ROTTERDAM — Scores of Mohonasen Central School District students, teachers, alumni and parents on Monday implored the district’s school board to curtail proposed budget cuts, especially cuts that would hit the district’s well-regarded music program.
A large contingent of music students grasped placards with their message: “We Support Mohonasen Music.” Many of the students told the school board the district music program has changed their lives.
“I would just like to say how much music has impacted my life,” seventh-grader Emily Bradford said as she teared up describing for board members the importance Mohonasen’s music program has played in her life. “I would like to say that it has saved my life.”
Another group of middle school students said the music teachers who might be let go were some of the best teachers they’ve had as students.
“The teachers, I know them and I have to say they are some of your most valuable treasures and to throw that away is a terrible thing,” said seventh-grader Tim Abbott. “Please save your teachers.”
The school board, which plans to adopt a budget on April 8, is considering eliminating up to 20 district positions, including elementary school teachers, music educators, assistant principals and jobs that touch nearly every function of the district. The music cuts would slash the district’s elementary orchestra program.
The proposed budget cuts for the 2019-2020 school year come as the district grapples with a $2 million budget gap driven by rising drug prescription costs and increasing staff salaries, compounded by a heavy reliance on reserve spending to cover end-of-year deficits in recent years.
The cuts, which Superintendent Shannon Shine proposed to the school board earlier this month, would hit the district across the board, affecting every staff bargaining unit, every building and every department. The proposed cuts would also come on top of a proposed 3.8 percent tax levy increase – the maximum levy increase the district can ask voters to approve on a simple majority vote.
The proposed cuts also include slashing six elementary and three high school teachers, lifting the average elementary class size from 24 students this year to over 26 students next year. The teacher cuts would come after a dozen teacher positions were eliminated last year.
“We are very frustrated, angry and tired of the damage these cuts are inflicting on our program, class sizes and our students,” Christina Patterson, a teacher speaking on behalf of the Mohonasen Teachers Association, said as she relayed the stress teachers feel entering another tough budget. “Now more than ever, we need the smaller class sizes in order to help students … our students are coming to us with greater needs and yet we place them in larger classes.”
Two years ago the district, then under Superintendent Kathleen Spring, added about a dozen positions, restoring jobs that had been eliminated during budget cuts connected to the recession. But nearly all of those positions were rolled back in the current school year’s budget after optimistic projections from the year before failed to materialize.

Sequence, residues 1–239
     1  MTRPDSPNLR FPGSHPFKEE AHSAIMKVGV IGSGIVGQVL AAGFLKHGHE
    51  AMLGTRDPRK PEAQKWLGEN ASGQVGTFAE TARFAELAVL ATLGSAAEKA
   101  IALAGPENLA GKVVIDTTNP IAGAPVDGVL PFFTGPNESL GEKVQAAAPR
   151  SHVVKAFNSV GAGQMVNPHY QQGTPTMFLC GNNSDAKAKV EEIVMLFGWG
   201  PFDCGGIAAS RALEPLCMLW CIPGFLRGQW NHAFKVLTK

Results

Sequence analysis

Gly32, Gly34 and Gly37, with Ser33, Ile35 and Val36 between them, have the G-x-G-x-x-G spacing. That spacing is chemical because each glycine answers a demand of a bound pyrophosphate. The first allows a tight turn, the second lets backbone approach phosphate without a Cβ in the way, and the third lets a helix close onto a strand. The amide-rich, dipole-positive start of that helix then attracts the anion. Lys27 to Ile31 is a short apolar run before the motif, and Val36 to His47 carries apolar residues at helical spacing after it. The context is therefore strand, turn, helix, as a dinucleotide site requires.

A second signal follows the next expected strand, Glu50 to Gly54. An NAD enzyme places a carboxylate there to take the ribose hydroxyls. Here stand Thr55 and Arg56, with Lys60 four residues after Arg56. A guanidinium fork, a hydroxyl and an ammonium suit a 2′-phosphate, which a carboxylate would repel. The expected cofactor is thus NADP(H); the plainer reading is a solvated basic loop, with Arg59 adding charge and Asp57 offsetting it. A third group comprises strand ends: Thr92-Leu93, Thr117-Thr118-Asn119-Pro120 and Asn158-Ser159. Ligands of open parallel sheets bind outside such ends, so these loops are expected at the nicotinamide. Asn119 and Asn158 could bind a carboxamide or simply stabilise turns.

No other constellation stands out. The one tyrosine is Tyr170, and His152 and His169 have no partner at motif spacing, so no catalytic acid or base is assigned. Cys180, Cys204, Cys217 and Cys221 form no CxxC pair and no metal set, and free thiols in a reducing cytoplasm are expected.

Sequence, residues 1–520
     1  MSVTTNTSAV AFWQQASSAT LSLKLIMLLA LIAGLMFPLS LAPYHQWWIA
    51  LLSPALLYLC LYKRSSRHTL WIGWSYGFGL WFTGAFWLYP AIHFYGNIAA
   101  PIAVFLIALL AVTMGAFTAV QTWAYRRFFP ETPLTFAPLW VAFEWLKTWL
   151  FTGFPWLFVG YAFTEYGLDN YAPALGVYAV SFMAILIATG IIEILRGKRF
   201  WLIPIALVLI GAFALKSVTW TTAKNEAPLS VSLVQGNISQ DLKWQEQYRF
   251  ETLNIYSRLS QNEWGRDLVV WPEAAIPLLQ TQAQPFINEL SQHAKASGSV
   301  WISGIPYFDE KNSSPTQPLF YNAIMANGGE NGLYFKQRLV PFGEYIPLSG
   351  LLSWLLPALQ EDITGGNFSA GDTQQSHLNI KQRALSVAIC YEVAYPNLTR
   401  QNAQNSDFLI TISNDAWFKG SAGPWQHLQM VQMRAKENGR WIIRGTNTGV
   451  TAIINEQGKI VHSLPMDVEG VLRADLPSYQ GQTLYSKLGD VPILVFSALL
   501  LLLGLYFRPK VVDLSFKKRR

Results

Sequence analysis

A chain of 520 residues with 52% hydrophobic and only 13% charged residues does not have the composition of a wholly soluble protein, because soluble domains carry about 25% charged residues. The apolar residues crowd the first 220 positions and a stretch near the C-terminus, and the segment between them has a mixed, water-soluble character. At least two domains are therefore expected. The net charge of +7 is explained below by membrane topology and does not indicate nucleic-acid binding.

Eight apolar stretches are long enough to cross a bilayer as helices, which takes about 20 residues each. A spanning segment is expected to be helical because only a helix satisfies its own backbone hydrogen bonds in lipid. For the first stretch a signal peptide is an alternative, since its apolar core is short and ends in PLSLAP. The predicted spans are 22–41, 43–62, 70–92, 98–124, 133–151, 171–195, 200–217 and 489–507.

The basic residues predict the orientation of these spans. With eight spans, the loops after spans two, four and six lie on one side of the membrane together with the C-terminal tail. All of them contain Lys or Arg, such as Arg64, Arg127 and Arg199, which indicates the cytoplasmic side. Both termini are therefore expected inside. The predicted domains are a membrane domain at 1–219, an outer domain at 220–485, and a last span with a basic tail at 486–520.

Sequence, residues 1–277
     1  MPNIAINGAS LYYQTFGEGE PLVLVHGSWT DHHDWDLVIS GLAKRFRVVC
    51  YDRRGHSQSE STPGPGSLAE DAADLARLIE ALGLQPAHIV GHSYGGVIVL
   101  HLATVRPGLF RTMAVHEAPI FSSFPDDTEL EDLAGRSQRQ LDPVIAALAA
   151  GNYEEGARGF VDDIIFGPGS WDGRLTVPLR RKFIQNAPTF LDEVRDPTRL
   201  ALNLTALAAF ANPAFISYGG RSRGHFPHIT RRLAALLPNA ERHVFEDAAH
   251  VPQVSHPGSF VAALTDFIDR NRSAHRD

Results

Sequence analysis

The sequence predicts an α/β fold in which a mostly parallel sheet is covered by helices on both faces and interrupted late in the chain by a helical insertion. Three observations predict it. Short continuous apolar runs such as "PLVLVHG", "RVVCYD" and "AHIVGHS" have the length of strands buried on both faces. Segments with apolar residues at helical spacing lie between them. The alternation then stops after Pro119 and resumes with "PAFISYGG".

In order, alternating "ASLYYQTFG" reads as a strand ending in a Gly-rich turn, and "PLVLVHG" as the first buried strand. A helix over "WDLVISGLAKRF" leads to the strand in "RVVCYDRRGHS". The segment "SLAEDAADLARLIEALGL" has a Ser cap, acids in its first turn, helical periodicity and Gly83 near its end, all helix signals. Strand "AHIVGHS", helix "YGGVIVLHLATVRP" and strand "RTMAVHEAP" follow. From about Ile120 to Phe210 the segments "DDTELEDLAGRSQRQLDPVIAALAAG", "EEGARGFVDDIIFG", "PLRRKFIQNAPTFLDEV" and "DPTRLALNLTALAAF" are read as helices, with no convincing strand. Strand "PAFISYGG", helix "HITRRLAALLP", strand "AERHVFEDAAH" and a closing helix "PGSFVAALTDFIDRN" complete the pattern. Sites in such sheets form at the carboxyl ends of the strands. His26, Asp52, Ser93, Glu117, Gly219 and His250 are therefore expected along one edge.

In an interview last week, Shine attributed the district’s budget woes in part to the planned use of $850,000 in district reserves – money that had been set aside to pay for employee pension contributions – and the assumptions that prescription drug costs would slow and state education aid would pick up.
“Neither of those causes for optimism played out,” Shine said in an interview last week.
The school board on Monday night approved a package of retirement incentives aimed at inducing staff to retire and boost cost savings. The incentives for each retiree would grow for each extra retiree, rising to as much as $20,000 per retiring teachers if at least 10 teachers agree to retire. The retirements would help reduce staff with minimal layoffs.
During a break during the meeting, Shine said he would propose alternative options for the board ranging from limited cuts to the music program to preserving the program entirely. But those decisions wouldn’t be paired with other cuts, Shine said. While the district may see its budget gap close with more retirements and a possible uptick in state aid, savings that could help preserve the music program, the board could also decide to rely on more reserve spending to maintain the music positions.
Shine said he was moved by the outpouring of support for the district’s music program.
“I’ve never seen an outpouring like this before,” he said. “This has exceeded my previous understanding [of how valued the music program is] for sure.”
The proposed cuts account for about $1.5 million of the $2 million gap, with another planned draw from reserves covering the difference. While the district’s longer-term budget outlook remains unclear, Shine said he hoped the dose of tough cuts this year would prevent more dire cuts in the future.
“I have advised the board we should not piecemeal this, we should make the cuts now to avoid having to do this every year,” Shine said last week.
George Alden, a high school senior in the music program, pointed at the young speakers from earlier in the meeting as evidence of the importance of the music program.
“If that doesn’t show you the passion that music will create then I don’t know what will,” Alden said.
Alden went on to tell the board that the music program gave him a family to be a part of after his father died when he was just 7 years old.
“For four years I was this completely lost kid, I was full of sorrow, full of grief and confusion, but I remember specifically the day I joined sixth grade choir and I realized it was a way I could be a part of something,” Alden said. “I have no idea where I would be without this program. I don’t even ask, I beg you, don’t give up that easy.”
EDITOR’S NOTE: A previous version of this article misspelled the surname of Mohonasen High School senior George Alden.